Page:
Some friendly advice from one senior to another… 0



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I want to share with you today some of the simple, but valuable things I have learned in a lifetime of avoiding issues…  You might be able to add some of your own.  

1.  Never volunteer, especially at work. If it looks as though someone is approaching, with a view to getting you to volunteer for something, grab a piece of paper, and walk briskly about as if you’re going somewhere important!

2.  Never refuse an offer of something, or a gift. A refusal on your part can often offend and anyway, you never know when you might find a use for what is being offered, sometime in the future.

3.  Never let a true friend down, but always be completely honest with them. If you are unable to help with something, say so straight away. Don’t say you’ll help and then fail to turn up.

4.  If there’s someone you don’t like, the best thing is to steer clear of them, thus avoiding hassle and/or embarrassment.

5.  Never borrow money from a friend. You can bet your life, if you do, some reason will crop up why you can’t pay it back when you said you would. The quickest known way to lose a friend!

6.  If you want to wear ‘geary’ clothes when you’re more than sixty years old, don’t forget you may also need to act the part as well. That could mean doing rock-n-roll at parties, drinking lots of cocktails, (again at parties), knowing the lingo for the age group you’re trying to imitate and having the energy to do all this. If you want to sit quietly in the background and simply enjoy what others, younger and fitter than you are doing, dress and admit, your age!

7.  Never run to catch a bus – there’ll always be another one along soon, and in the meantime you don’t suffer a heart attack.

8.  Always take the tablets! I once missed my prescription, just for a day or two and before I knew it my blood pressure was off the scale – I was lucky to survive!

9.  Don’t show off. This can have much the same results as 6, 7 and 8 above. Showing off can be too exciting for old timers.

10.  Don’t break the speed limit, the copper is liable to take a look at you, wonder if you’re still fit to drive and have you tested. And you might fail!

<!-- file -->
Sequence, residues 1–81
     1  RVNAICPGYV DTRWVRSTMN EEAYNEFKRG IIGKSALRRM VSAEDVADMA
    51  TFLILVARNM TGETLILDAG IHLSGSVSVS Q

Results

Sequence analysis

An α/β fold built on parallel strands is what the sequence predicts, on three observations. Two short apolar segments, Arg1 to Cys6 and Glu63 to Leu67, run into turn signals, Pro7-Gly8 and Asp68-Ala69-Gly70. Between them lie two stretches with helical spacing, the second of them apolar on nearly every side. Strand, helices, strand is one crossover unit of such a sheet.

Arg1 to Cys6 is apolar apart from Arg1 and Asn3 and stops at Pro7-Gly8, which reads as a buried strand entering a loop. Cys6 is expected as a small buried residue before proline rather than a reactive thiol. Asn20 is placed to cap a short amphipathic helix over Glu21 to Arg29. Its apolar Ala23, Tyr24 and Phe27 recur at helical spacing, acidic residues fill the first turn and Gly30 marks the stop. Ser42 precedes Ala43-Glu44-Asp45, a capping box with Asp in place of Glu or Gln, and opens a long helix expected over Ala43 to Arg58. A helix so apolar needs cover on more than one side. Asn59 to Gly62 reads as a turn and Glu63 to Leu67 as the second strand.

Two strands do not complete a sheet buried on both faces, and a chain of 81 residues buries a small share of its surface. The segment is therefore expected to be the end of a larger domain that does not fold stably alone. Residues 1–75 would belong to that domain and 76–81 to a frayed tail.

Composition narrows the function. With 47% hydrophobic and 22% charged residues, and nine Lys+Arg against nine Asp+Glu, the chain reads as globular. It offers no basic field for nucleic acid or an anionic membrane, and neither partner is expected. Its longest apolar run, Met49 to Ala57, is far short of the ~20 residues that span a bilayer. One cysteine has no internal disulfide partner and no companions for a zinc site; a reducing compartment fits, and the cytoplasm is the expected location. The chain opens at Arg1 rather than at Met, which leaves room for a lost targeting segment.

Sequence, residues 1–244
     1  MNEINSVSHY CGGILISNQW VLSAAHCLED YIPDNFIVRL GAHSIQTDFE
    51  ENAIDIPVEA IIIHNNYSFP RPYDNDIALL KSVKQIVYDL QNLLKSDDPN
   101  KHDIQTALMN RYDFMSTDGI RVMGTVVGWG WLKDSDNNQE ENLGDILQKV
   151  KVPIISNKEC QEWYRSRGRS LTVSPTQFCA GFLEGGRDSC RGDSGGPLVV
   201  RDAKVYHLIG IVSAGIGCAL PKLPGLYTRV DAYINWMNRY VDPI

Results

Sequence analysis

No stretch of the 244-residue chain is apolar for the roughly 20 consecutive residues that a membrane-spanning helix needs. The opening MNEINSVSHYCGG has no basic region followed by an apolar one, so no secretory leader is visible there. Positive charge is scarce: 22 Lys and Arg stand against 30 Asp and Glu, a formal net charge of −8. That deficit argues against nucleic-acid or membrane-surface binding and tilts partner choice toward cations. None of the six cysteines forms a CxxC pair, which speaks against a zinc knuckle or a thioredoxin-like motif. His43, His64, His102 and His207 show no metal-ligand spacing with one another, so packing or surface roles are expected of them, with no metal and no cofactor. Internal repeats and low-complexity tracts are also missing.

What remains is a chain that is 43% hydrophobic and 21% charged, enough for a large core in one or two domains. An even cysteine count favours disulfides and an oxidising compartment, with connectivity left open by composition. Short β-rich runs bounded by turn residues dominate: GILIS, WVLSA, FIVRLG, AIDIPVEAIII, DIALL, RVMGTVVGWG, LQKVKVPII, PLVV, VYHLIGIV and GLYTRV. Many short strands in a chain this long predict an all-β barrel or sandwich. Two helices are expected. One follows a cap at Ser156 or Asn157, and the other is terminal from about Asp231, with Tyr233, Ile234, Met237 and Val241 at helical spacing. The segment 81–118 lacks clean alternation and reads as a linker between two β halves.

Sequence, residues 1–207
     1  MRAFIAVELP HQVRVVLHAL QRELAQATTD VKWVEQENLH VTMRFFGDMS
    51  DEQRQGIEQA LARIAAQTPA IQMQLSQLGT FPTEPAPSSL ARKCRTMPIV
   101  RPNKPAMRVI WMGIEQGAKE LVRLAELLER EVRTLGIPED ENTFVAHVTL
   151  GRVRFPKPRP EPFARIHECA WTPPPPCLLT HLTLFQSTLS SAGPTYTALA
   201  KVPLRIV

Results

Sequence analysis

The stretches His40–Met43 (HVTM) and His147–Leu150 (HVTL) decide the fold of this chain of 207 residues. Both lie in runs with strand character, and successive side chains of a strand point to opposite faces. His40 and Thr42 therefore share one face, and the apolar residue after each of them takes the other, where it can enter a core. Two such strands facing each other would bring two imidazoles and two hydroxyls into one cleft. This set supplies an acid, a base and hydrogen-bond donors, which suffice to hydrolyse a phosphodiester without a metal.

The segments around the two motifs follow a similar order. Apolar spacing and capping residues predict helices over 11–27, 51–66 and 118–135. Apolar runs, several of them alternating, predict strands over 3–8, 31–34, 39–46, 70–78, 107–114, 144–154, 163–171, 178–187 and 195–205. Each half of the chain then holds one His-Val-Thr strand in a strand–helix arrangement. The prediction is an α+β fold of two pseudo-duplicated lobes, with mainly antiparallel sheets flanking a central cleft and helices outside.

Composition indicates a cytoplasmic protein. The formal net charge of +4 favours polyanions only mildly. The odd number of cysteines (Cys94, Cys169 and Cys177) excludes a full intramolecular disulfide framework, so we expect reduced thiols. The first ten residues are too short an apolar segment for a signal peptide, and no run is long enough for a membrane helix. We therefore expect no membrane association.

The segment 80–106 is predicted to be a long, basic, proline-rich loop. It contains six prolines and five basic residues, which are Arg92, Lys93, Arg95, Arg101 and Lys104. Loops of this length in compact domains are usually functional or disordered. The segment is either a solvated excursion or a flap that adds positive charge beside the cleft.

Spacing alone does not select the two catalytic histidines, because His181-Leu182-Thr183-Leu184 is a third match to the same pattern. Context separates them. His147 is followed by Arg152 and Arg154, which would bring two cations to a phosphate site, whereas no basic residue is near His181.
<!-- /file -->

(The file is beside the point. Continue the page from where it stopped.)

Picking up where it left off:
11.  If you find it hard to walk anywhere nowadays and get yourself one of those electric car things with a flag at the back, make sure you have some infallible way of remembering to put the vehicle on charge after every time you use it. It can be very annoying if you suddenly need to get to the doctor or the hospital and find you have no power.

12.  For very similar reasons, put your mobile phone on charge too!

13.  Try to eat everything your stomach will accept, when its offered. A neighbour dropping in with a pie can save you dollars in electricity and it means the food you have in the house will last a day longer too.

14.  If you have home help coming in, bury your pride and don’t thoroughly clean the house before she turns up. If you do that, not only are you putting yourself in some danger through doing work you maybe shouldn’t, but you are also wasting the time of the home helper.

15.  Join a senior citizen’s group in your locality and take advantage of any trips they offer. The worse thing any of us can do, as we get older, is to sit at home gazing at the telly. Get out and about – it will help to keep your brain alive and you too!
image: coolchrisc

Brian Lee

  1. Great advice, Brian ! I wish I’d figured out some of these when I was younger, it would have saved a lot of grief !

  2. At 70, I have learned to enjoy my memories, but never look back with regret. I tends to age you. Definitely look forward to each day with God’s joy and expectancy, but never with fear. Even if I die tomorrow, it’s another adventure…..the greatest one.

  3. At sixty I’ve earned you don’t have to put up with negative ‘friends’ but you do have to make time for your best friends, these that you support and in turn be supported, who make you laugh and never judge and who, even after time apart, the friendship just fits back into place, like a jigsaw puzzle and you feel complete.

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